Forty-thousand people in the United States suffer from some kind of anxiety disorder. A professional would only be able to diagnose a person with anxiety when the symptoms interfere with daily functioning such as in school, work, or relationships. But what about people who face many of the same symptoms of anxiety but don't meet the criteria for diagnosis? They are usually said to have "functional anxiety". To the naked eye, a functionally anxious person seems to be doing well in all aspects of life: they look happy, go out with friends, they may work hard and have many accomplishments at work. They may seem focused, or overly detailed, they may seem highly energetic or cool, calm, and collected. However, internally there is a serious struggle to make it seem like everything is fine as they fight an internal battle of thoughts that are hard to turn off.
Functionally anxious people may find themselves thinking “although my brain won’t stop worrying, no one will ever know." As draining as this may seem, this is a way to cope without being asked questions. "If no one suspects something is wrong, no one will ask and if I pretend everything is fine, it will be." In this sense, functional anxiety doesn’t prevent people from having a normal social life with family and friends, performing well at work, and living what seems to be—at least on the surface--a happy life. However, while hiding and pretending may fool others it's hard to fool oneself; the fear of being exposed can create additional anxiety of being "found out." Many functionally anxious people don't believe they deserve their accomplishments and think they are tricking the world into believing they are worthy. Therefore, they live in constant fear of being discovered to be a fraud. This is known as "impostor syndrome". As their insecurities take over, they work to keep people at arm’s length to avoid exposing themselves. This behavior can lead to loneliness that can sometimes be overwhelming and may increase their levels of anxiety, creating a vicious cycle that gets worse over time.
More people than you think live this reality every day. However, many functionally anxious people may not even know that what they are going through is anxiety. This is because many symptoms of anxiety are common such as constant worry, overthinking, nervousness, nail biting, trouble taking breaks, trouble sleeping, the need for validation, procrastination, feeling like a fraud, and freaking out when things don't go as planned. If you are reading this and thinking "that's me", I have good news: this is all treatable, you can be happy, you can be successful, and you can regain control of your thoughts and emotions. In fact, I was once a functionally anxious person myself. My ability to cope with this reality brought me tranquility and peace of mind and was one of the driving factors for my decision to become a mental health professional.
OK, so how do we deal with this?
There are variety of ways to relieve your anxiety such as cognitive behavioral therapy (CBT), mindfulness practices, and in some cases medication. In my practice I utilize interventions such as CBT and combine them with mindfulness practices such as breathing, journaling, and guided mediation to help clients feel their best. There are many techniques you can try at home and below are my 3 personal favorites:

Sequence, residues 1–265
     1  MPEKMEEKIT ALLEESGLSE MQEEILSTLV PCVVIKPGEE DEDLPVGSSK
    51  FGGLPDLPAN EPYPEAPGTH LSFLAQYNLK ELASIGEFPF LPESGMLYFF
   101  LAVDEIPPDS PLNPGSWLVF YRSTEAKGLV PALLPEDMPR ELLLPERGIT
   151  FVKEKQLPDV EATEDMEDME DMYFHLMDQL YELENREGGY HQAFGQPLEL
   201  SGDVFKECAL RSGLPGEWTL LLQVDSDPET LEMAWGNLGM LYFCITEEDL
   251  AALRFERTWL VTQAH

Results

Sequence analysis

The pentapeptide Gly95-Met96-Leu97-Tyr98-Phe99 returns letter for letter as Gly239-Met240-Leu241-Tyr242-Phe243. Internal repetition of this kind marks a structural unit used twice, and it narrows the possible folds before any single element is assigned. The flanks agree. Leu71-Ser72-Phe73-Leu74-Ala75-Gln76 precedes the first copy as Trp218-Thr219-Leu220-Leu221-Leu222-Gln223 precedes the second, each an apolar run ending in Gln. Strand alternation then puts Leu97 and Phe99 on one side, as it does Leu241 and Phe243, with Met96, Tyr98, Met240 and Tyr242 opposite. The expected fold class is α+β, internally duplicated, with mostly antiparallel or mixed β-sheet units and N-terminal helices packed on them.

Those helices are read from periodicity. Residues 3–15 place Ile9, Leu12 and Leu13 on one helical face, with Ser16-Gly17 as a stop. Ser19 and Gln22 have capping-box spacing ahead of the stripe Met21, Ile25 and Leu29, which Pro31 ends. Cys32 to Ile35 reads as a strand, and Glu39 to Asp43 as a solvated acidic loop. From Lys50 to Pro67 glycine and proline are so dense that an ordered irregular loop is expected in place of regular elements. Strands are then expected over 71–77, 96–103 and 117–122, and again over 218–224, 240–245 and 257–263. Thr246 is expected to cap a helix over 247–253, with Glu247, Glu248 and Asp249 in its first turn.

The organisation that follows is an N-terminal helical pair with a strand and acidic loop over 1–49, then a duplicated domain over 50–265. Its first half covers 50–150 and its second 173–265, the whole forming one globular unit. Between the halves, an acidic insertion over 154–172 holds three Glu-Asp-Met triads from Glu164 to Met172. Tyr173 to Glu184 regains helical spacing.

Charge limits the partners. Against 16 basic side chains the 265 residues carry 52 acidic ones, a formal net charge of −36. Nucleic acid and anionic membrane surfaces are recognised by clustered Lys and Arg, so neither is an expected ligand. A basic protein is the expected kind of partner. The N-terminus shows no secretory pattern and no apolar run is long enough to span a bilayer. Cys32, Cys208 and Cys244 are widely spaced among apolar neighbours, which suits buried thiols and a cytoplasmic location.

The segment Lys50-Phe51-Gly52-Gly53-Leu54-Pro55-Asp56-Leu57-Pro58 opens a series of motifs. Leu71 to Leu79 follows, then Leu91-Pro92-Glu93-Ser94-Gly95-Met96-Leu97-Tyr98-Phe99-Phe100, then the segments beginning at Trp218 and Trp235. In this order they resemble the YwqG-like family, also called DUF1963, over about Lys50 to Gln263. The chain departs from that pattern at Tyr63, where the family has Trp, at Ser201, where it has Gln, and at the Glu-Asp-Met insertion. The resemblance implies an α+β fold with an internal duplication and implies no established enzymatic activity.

1) 4-7-8 breathing: Breathe in to the count of 4, hold your breath for the count of 7, and exhale to the count of 8. You can repeat these steps as many times as you need to start bringing your heart rate down. I find it extremely helpful to think of something positive while you inhale, and then visualize anxiety or any negative emotions leaving your body as you exhale. I have linked this technique to my Pinterest account so you can take a look as some of the pins I have saved about this technique.
2) Progressive muscle relaxation: Tense and release the muscles in your body, starting with your feet and moving up to your head. This technique works best when you hold the tension in each muscle for about five seconds before releasing. The entire process takes about ten minutes. I have also linked this technique to Pinterest so you can see the script I use with my clients. It may be helpful to have someone read the script to you as you do it the first time, if not, that's fine, you can tense and release any muscles that feel tense for about 10 minutes and you will reach similar effects.
3) Guided meditation: You will follow the guidance of a person who has recorded instruction to help guide your mind and body into relaxation. My favorite app to practice guided imagery is called Insight Timer. This app has many FREE guided meditations that focus on many areas including, physical health, anxiety, depression, sleep, motivation, etc. The best part is that this is perfect for people who don't have a lot of time. There are plenty of guided meditations for under 5 minutes.
The goal here is to slow down, to focus on the present, allow yourself to make mistakes, let others in to support you, and remember to breathe.
As for now, I am here to tell you that you are not alone. I am here to discuss openly and honestly the mental health challenges that many people face and are too embarrassed or afraid to admit. I am here to help answer your questions and, most importantly, I am here because I truly care. I am here to discuss current issues, to discuss questions you may have about therapy, to discuss everyday challenges and relationship issues, among other things. I am also here to help clarify what it's like to see one of us. You ask and I will tell.